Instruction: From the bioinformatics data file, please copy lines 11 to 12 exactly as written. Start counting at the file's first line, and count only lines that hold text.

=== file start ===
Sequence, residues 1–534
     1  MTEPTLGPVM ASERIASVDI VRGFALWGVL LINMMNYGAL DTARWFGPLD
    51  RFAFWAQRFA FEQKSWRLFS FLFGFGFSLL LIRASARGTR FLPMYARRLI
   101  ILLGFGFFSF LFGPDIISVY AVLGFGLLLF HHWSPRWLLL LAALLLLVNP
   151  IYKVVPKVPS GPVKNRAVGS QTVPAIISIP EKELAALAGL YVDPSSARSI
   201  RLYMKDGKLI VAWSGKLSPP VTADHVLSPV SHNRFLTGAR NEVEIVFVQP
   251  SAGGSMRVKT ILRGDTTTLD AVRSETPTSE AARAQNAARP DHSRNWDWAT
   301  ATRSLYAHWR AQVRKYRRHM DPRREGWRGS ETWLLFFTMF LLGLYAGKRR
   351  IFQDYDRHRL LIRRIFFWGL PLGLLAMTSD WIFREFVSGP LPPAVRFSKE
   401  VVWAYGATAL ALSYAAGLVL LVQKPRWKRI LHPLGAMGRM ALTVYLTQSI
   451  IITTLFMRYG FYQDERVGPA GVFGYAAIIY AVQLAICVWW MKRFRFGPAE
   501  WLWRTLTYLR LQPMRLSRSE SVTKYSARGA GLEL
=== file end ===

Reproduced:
   451  IITTLFMRYG FYQDERVGPA GVFGYAAIIY AVQLAICVWW MKRFRFGPAE
   501  WLWRTLTYLR LQPMRLSRSE SVTKYSARGA GLEL